As soon as Alfie was born, it was apparent that there was something that wasn’t right. He had a small patch of red skin on his chest that looked like a blister that had burst and peeled. After the midwives had rubbed him down, more skin started to peel away from his body. We were already in a state of shock from the early arrival of our son but then suddenly there were lots of people in the room discussing our child and we had no idea what was going on. Alfie was quickly transferred to the neonatal ward and we didn’t see him for a couple of hours; that was agonising.
When we finally got to see Alfie, he was in a humidified incubator wearing a nappy that looked too big for his tiny body and was surrounded by machines. It was a shock to see him, he was bright red, his skin had peeled all over, he looked like someone had poured boiling water all over him. It was heartbreaking. We weren’t allowed to touch him with our bare hands, we had to change nappies and bottle feed him wearing gloves while he was still in his incubator. The doctor told us that they suspected ichthyosis but were unsure. One thing the doctor did say was that Alfie would not have much of a life! Words can’t describe how we felt at that point.
We were transferred to a different hospital and an initial diagnosis of Bullous Ichthyosis (EHK/EI) was given. We were given a step by step skincare routine to follow – literally a set of instructions! We spent pretty much 24 hours a day on the ward with Alfie for 6 days, bathing, applying 50:50 paraffin ointment and wrapping his tiny body in bandages. We were told that we could take him home on day 7; his skin was still really red, fragile and had started to blister. Specialist nurses came out to see us and we were shown exactly how to care for Alfie, what creams to apply, how to burst blisters and how to apply dressings – things you don’t expect to have to do to your newborn baby! Our nurse specialist introduced us to the Ichthyosis Support Group (ISG).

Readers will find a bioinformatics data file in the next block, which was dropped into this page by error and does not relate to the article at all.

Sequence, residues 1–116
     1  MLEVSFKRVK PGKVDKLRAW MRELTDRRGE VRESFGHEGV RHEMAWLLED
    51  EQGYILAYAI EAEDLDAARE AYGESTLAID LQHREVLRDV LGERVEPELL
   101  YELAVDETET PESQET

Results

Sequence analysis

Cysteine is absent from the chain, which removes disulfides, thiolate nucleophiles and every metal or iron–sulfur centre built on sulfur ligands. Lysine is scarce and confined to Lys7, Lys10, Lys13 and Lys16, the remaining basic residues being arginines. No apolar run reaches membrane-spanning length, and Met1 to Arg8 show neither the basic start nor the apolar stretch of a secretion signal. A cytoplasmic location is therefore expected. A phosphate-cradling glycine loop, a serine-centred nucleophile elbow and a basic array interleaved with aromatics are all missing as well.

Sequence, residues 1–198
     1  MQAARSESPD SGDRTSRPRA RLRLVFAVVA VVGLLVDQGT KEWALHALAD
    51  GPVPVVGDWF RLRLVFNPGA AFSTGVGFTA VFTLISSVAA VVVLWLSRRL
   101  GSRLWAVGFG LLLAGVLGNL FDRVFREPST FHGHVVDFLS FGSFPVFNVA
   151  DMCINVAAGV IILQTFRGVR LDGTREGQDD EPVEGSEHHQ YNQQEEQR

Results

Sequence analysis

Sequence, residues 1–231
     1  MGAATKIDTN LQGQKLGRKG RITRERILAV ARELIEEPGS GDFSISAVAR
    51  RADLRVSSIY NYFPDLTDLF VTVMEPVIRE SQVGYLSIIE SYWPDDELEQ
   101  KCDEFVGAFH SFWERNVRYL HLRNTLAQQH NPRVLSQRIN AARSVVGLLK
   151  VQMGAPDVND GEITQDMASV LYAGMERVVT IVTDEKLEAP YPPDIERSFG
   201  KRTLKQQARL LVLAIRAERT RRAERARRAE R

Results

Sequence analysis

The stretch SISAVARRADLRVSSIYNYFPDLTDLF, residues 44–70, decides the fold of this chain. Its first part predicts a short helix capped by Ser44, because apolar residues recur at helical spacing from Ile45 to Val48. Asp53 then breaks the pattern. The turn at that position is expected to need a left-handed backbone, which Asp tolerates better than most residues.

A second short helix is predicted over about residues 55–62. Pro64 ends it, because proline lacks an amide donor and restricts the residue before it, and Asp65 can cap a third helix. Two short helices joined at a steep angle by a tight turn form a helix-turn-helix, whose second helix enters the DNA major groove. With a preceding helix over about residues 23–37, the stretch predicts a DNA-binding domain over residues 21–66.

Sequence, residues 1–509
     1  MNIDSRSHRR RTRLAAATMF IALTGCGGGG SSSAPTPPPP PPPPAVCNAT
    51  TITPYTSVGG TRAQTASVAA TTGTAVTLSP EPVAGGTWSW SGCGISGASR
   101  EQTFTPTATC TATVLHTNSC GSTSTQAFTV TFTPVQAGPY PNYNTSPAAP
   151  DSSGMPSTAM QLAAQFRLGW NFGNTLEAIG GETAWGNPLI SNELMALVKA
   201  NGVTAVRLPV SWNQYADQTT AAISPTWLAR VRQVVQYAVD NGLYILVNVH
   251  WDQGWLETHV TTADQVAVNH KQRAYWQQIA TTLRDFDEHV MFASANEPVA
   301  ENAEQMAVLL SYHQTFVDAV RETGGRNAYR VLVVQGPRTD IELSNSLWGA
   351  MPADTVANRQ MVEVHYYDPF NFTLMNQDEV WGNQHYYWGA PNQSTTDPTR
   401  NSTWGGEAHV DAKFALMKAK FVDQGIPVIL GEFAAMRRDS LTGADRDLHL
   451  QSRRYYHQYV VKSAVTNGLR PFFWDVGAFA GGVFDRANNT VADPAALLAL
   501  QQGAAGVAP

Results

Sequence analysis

I joined the ISG, got in contact with the ichthyosis community online, read every possible article I could find and learned as much as I could about Alfie’s condition. The ISG and online community have been a fantastic source of information and support to us when we would have been so lost. As much as people on the outside try to understand Alfie’s condition, the only people that can really know what we go through are the individuals and families affected by ichthyosis. The support that comes from the ISG and the other families is invaluable.
Alfie is now 24 months old, he’s a cheeky monkey, a chatterbox, a superstar. The last 24 months have been tough at times; we’ve had to deal with so many new things alongside the ‘normal’ learning curve that is becoming a parent. We’ve been to more hospital appointments, had more prescriptions and dealt with so many medical professionals than we imagined was possible. We have a cupboard full of creams, bandages and dressings, we find our own ways of doing basic tasks like changing nappies, swimming, getting dressed. There are things that people don’t realise are part of our life like having grease everywhere, the constant washing, the amount of appointments we have, how long the bath/cream routine takes, how much skin sheds around the house and how we often get comments (rude or not) from complete strangers. Ichthyosis is part of who Alfie is though; he will find his own way of dealing with his condition, he will have good days and bad days along the way. Although ichthyosis is part of who Alfie is, it does not define him and this is one of the most important lessons that we can teach him.
May is Ichthyosis Awareness Month – I am sharing stories of people who have experienced Ichthyosis. Read all stories in the Ichthyosis Awareness Month Blog Project here.